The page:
The Contract is a fairly straightforward action/thriller, starring two of the most respected actors of their respective generations and directed by an Oscar-nominated veteran well known for his sterling touch with both material and cast. So, is it any good? Let's find out. . .
As the story begins, we're in New York City following Frank Cardin (Morgan Freeman), leader of a group of ex-military types who are apparently planning an assassination, having recieved the go-ahead for the job and putting things in place to pull it off. Shortly after Cardin arrives in the state of Washington to prepare for the attempt, he is involved in an accident which sends him to the hospital. Finding his sidearm, the cops quickly realize his IDs are fakes, and are informed that he shouldn't exist - Cardin has long been thought to be dead. The regular cast of government types arrive to transport him to justice.
Meanwhile, widowed ex-cop Ray Keene (John Cusack) is dealing with his rebellious teenage son Chris (newcomer Jamie Anderson), who's been getting in trouble; he's still having problems after losing his mother, it seems. Ray decides on a camping trip - something Chris enjoys - to get away, and hopefully have some father-son bonding time together. Cedar Rapids State Park seems like a great choice, especially since Chris has been there hiking and whatnot before, so off they go.
Of course, these two strands collide when Cardin's gang waylays the transport car, takes out most of his escorts, but don't count on the car going off the mountain and into the river. Which is where Ray and Chris find a handcuffed Cardin and a dying man who tells Ray very little beyond the fact that Cardin's a prisoner and all-around bad guy before he kicks. Retrieving a gun from the dead man, Ray is thrown back into authority mode; he decides they've got to get Cardin to the police. Unsurprisingly, Cardin finds problems with that course of action - his men are coming for him, make no mistake. And if Ray doesn't just let him go, he and his son are both as good as dead. Ray's sense of honor and ethics trump that play, and they begin the trek for help, with Chris leading due to his familiarity with the terrain.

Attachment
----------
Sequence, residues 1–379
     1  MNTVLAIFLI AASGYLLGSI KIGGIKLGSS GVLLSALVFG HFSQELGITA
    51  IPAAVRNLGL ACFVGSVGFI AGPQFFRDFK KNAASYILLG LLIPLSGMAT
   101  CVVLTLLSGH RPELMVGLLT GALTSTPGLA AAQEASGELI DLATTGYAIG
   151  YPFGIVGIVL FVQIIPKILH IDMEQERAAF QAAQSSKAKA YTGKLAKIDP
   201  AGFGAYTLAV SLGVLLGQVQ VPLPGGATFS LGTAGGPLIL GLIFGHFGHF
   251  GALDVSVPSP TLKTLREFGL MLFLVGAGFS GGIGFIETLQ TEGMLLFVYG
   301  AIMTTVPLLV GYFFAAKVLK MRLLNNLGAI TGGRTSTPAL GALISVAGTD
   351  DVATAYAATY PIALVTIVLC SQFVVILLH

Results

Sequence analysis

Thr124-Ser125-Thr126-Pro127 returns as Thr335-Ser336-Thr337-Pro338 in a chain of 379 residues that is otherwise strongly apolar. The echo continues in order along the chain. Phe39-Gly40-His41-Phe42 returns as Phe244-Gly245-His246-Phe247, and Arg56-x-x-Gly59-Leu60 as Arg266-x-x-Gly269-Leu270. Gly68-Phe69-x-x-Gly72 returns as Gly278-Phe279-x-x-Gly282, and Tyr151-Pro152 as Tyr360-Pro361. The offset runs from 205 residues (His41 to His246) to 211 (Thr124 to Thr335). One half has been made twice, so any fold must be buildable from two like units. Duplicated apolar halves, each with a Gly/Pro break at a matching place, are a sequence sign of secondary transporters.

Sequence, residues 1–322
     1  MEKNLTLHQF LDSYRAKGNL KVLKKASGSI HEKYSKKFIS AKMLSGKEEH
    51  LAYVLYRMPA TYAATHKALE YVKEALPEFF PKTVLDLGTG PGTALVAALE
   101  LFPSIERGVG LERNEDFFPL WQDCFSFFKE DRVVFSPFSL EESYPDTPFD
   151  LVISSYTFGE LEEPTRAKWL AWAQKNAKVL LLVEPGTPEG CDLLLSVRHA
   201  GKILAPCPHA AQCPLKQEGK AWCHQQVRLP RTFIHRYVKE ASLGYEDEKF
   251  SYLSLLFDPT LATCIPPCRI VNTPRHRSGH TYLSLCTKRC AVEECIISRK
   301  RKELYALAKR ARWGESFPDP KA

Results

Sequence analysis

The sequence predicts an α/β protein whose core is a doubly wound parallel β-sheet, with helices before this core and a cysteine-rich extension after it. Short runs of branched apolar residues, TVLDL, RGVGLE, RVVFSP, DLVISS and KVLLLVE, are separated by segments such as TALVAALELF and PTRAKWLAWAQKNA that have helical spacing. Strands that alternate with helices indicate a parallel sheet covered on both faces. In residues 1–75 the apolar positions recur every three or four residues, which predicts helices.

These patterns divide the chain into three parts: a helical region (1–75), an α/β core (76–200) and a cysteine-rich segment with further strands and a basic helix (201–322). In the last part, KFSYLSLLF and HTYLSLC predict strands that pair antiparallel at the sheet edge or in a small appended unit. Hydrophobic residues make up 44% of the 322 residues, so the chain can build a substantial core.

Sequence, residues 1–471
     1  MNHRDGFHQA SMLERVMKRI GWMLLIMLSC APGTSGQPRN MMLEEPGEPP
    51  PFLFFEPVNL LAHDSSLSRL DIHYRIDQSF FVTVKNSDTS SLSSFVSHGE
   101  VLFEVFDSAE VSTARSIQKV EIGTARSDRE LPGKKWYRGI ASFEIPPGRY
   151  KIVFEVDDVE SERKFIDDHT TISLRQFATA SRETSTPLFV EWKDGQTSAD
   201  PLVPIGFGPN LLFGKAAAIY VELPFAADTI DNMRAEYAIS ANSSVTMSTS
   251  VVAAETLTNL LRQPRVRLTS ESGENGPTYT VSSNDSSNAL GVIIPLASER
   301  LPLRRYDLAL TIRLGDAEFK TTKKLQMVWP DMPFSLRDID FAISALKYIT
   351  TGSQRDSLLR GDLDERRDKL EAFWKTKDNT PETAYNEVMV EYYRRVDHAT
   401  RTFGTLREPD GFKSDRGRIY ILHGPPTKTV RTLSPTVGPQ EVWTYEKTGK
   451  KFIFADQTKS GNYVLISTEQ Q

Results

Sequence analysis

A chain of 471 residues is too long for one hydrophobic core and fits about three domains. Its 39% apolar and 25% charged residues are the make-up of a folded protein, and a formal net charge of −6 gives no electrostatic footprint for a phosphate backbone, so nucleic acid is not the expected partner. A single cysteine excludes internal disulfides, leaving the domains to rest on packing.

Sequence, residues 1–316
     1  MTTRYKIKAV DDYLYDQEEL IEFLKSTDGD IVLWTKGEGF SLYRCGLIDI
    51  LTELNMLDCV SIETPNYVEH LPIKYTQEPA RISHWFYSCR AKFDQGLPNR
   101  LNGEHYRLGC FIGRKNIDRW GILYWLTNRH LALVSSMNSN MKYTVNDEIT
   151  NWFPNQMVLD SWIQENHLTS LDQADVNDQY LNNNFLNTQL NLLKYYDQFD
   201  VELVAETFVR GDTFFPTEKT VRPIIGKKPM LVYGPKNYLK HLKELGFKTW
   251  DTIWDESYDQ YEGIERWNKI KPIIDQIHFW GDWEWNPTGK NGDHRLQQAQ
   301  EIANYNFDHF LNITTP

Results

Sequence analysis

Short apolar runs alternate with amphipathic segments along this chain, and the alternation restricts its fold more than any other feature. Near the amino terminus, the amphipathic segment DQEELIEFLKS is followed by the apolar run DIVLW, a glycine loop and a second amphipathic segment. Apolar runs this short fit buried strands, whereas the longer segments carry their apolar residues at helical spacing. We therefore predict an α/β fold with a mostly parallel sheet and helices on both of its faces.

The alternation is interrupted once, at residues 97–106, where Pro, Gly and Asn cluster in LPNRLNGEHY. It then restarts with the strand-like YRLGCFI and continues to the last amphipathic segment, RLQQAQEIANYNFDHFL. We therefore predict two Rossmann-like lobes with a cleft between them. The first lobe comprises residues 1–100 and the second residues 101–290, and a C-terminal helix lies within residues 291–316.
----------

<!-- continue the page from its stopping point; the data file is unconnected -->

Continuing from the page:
But Cardin's men ARE coming - and soon, the chase is on.
The Contract is an odd case, a direct to video flick that, obviously, was never meant to be one. Witness the fact that it's shot in full-on 2.35:1 widescreen aspect ratio, the participation of Freeman and Cusack, and has Bruce Beresford (Breaker Morant) calling action on the piece. However, watching the flick, you can pretty much tell why. It's simply not GOOD enough to be a theatrical release (funny, I know, cause any week of the year you can catch any random Hollywood release that doesn't deserve to play in a theater near you either); not to say it's bad, exactly - it's not - but it's undeniably flawed, but plays well enough at home. So, to make this easier, we'll just play the pros vs. cons game and be done with it.
The pros have mostly been laid out for you already; did I mention that Morgan Freeman and John Cusack are in this mofo? Freeman's presence as the (ostensible) heavy lets us know that this is one of those "noble" hitman movies. Surely he started his career with nothing but the best of intentions, yet the things he's seen and done have left him cynical and world-wearied, but still an utter professional - he gets shit done, and that's all he knows how to do. Freeman is, of course, all manner of awesome; he knows that to underplay, to riff off of the subtleties of the character is far more effective than histrionics and hamfistedness. Cusack is equally fine, trying to do the right thing and bring this criminal to the law, yet he's got to concern himself with his son's safety first, and at all costs. He builds on Ray's sense of right and wrong - remnants of his old life apparently have lingered and these old habits have died hard - as well as his mounting fear that he may have, in fact, sentenced both himself and his son to a violent death.